With the exception of the Craft and Royal Arch, the governing bodies of all recognised Masonic Orders exercise central control under their jurisdiction over the ritual practiced by the Lodges, councils, conclaves or whatever the unit may be called. Because of the way that the Craft developed from very early times, there was considerable diversity of practice from one part of the country to another, and particularly between the Lodges under the two rival Grand Lodges, the Premier and the Ancient Grand Lodges.
To pave the way for the union of these two Grand Lodges, a Lodge of Promulgation was formed in 1809 under the Premier Grand Lodge (or Moderns) to examine the ritual and make recommendations. Following the union in 1813, a Lodge of Reconciliation was established to complete the rationalisation of the ritual into a form acceptable to both parties forming the newly constituted United Grand Lodge. Its other main function was to demonstrate the unified ritual. Representatives of Lodges in London and the Provinces were invited to attend special demonstrations organised by the experts from the Lodge of Reconciliation, which completed its work in 1816.
However, because it was forbidden to print the ritual or even produce written manuscripts, so the communication of the work to the various Lodges relied heavily on the ability, not to mention the memory, of those attending the demonstrations. Their task was then to instruct their own members in the approved practices. In addition to the difficulty of interpretation, doubtless there would also have been the desire to improvise – a trait, dare one say, recognised in some present day Preceptors.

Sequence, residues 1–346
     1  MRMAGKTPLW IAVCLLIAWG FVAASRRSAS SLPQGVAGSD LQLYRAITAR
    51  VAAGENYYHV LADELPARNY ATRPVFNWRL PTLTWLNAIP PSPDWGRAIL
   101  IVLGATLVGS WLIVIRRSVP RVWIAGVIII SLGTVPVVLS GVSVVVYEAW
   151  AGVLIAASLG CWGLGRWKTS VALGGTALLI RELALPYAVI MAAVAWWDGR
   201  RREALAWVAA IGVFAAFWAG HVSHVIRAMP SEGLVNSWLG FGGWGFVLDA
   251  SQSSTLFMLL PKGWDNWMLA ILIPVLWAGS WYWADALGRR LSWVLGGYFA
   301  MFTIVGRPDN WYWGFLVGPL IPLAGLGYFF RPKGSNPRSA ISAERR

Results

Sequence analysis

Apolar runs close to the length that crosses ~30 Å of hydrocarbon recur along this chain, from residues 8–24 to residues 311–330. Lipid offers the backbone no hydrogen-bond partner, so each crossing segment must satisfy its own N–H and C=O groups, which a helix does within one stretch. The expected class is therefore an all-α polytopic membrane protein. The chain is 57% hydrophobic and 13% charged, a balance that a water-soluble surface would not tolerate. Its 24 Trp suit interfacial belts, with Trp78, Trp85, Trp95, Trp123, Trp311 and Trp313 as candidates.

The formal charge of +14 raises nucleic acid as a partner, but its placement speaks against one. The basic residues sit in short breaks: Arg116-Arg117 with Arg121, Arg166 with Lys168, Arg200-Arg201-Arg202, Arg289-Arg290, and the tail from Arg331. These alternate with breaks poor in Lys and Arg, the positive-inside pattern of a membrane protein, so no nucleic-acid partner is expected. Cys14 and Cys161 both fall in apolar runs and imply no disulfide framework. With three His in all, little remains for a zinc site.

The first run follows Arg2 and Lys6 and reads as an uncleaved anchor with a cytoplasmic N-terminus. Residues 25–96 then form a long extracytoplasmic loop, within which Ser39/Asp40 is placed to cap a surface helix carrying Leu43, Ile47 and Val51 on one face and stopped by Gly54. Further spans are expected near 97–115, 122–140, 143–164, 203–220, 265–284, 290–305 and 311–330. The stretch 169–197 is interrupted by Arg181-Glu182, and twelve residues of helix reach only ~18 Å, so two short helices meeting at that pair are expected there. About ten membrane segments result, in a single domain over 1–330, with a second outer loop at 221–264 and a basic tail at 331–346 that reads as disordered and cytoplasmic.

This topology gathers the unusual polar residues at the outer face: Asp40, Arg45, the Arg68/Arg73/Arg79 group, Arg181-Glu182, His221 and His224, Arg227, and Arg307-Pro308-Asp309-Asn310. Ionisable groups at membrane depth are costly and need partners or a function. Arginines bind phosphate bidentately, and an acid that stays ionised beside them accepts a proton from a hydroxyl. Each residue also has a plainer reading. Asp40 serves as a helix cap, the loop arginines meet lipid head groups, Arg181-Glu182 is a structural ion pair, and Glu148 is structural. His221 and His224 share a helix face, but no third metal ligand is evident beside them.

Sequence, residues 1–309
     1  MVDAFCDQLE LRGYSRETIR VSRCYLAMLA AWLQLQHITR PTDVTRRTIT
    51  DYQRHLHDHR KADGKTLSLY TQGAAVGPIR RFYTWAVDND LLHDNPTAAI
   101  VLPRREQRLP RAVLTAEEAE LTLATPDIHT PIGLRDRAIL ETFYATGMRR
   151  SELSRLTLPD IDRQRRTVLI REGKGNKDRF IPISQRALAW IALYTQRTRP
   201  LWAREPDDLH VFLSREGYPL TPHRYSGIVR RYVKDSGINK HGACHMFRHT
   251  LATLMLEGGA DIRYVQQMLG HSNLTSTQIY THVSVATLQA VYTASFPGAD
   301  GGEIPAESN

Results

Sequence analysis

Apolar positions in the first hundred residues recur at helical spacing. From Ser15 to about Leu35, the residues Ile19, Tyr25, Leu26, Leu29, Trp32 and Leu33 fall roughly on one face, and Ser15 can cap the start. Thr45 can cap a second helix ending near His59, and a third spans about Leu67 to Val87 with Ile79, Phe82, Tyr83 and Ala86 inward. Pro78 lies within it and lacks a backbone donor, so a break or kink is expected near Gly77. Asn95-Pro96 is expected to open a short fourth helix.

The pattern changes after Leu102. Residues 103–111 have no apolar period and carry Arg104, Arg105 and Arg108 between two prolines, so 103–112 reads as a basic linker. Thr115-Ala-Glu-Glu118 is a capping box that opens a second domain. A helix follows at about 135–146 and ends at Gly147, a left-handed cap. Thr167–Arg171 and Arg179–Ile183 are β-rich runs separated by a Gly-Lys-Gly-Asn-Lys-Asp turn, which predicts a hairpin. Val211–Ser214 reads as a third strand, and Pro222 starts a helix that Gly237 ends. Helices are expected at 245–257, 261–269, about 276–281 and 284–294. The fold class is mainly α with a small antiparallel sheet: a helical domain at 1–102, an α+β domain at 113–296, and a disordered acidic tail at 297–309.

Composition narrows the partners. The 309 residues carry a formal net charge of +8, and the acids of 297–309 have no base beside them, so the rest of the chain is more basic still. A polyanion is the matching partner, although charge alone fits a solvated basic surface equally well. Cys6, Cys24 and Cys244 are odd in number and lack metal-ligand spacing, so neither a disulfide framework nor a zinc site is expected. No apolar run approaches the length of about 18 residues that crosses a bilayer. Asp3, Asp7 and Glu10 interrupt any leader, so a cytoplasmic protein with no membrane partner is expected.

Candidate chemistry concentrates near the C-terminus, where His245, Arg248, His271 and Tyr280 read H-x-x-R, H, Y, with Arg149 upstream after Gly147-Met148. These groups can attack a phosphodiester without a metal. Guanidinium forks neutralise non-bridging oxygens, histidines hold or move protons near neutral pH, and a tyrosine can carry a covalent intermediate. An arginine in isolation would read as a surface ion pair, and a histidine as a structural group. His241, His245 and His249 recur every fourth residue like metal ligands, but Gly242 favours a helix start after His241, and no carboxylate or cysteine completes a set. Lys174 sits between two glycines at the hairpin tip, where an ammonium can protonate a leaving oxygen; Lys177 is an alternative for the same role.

In view of these hazards, it is surprising how much uniformity was achieved. All present rituals are derived from the Lodge of Reconciliation ritual and, apart from a few Lodges in Bristol and the North of England, which retains more of the earlier practices, the degree of variation is quite small.
Ironically, most of our knowledge of ritual before the union comes from the early anti-Masonic exposure in England and France. The first ritual was probably a simple ceremony of admission, which developed into two degrees and, at about the time when the first Grand Lodge was formed in 1717, into a system of three degrees. These early ceremonies were mainly delivered in catechetical form and were evidently briefer and less well structured than the later ceremonies.
Early ritual was also Christian in content – indeed the Premier Grand Lodge met on St. John’s Day (24th June). The work of the Lodge of Reconciliation between 1813 and 1816 included demonstrations of the opening and closing ceremonies, the obligations and the perambulations. It was probably also when most of the Christian references were removed (although some remain in the present ritual).